Important Information on FLUTD & Urinary Tract Infections in Cats
Find food that fits your pet’s needs
Find a dog food that fits your pet’s needs
Find a cat food that fits your pet’s needs
Feelings of fear and anxiety can affect our cats much like they affect us. Stress can occur in your cat for multiple reasons. Perhaps you’ve recently moved or brought a new pet or family member home. Whatever the case may be, if you have a stressed cat, there could be an underlying problem. One of the first ways to detect this problem is when your cat stops using her litter box. She may be peeing in a new spot, spraying on a wall, or having trouble urinating.
Unfortunately, inappropriate urination is one of the most common reasons why cats are left at shelters or put outdoors. If your cat starts marking her territory away from her litter box, it’s not out of revenge or spite; it’s probably because something is wrong. While it could be a behavioral problem, or she doesn’t like her litter box for some reason, a medical condition should first be ruled out. One of the most frequent medical causes of a urination problem is feline lower urinary tract disease.
What is FLUTD?
Feline lower urinary tract disease, or FLUTD, is a term used to describe a group of disorders or diseases that affects a cat’s lower urinary tract (bladder or urethra). FLUTD is diagnosed after causes like urinary tract infection (UTI) or kidney stones have been ruled out. Causes include crystals or stones in the bladder, bladder infections, urethral obstruction, inflammation in the urinary bladder (sometimes referred to as interstitial or idiopathic cystitis), and other abnormalities in the urinary tract. FLUTD is one of the most common reasons cats are taken to the vet.
Warning Signs of Feline Urinary Tract Infections
- Straining to urinate: Feline idiopathic cystitis can lead to straining while urinating, and can eventually lead to more severe situations such as the formation of bladder stones or a urethral plug. Male cats are more at risk to develop a urethral plug; this is a life-threatening condition that causes a cat to lose the ability to urinate.
- Frequent attempts to urinate: Cats with FLUTD have a frequent urge to urinate, but can only pass a small amount each time.
- Painful urination: If your cat cries out while urinating, this is a tell-tale sign that she may be in pain.
- Blood in urine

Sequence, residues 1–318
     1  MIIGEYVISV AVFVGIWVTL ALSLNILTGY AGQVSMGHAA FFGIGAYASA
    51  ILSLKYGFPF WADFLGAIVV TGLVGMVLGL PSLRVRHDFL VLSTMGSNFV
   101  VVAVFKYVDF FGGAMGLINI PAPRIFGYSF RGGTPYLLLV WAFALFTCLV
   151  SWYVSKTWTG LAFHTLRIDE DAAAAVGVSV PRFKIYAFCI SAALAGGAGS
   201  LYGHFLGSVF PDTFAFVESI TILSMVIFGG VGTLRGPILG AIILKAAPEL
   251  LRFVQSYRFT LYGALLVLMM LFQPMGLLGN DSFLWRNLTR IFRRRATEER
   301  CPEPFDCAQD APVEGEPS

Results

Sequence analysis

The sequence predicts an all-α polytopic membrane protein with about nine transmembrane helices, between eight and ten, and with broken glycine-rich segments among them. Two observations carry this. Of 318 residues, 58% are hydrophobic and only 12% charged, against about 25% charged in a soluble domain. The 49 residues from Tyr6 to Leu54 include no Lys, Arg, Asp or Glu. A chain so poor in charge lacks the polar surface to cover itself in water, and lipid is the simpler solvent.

- Licking the genital or abdominal areas: This is a way for cats to soothe the pain of a urinary tract disease.
- Urinating Outside the Litter Box: Take note if your cat is urinating in places other than litter box, especially on cool surfaces like tile or a bathtub.
What to Do if You Suspect a FLUTD
If your cat is having trouble urinating and displaying other signs of FLUTD, take her to the vet as soon as possible. Your vet will give her a physical exam and collect urine samples. Blood work, x-rays, and abdominal ultrasound may also be recommended for diagnosis.
Most cases of FLUTD improve without medical treatment, but the symptoms can recur. Though they may not be life-threatening to your cat, they can be uncomfortable, so treatment can improve her overall quality of life. While treatment of FLUTD depends on the underlying cause, it is always beneficial to increase your cat’s water intake. Maintaining a healthy weight, feeding her canned food and encouraging her to use her litter box can also help. However, certain conditions simply cannot be treated at home. Bacterial cystitis should be treated with antibiotics, while stones must be surgically removed.
It’s always best to be safe. A simple phone call to your vet when you first notice any of the above symptoms can help diagnose a problem much sooner and save your cat a longer period of discomfort. It’s also important to monitor your cat after being diagnosed with FLUTD during treatment to ensure that the problem doesn’t reoccur as cats are good at hiding their pain.
Preventing Future UTIs in Your Cat
Following your vet visit, you can make other changes to your cat’s life to decrease the likelihood for FLUTD to come back. Environmental recurrence has shown to reduce the recurrence rate by 80 percent, and can also help your cat use her litter box. This includes spending more time with your cat, giving her access to windows, and giving her more toys. You can also increase the number of litter boxes in your home and make sure they’re properly cleaned.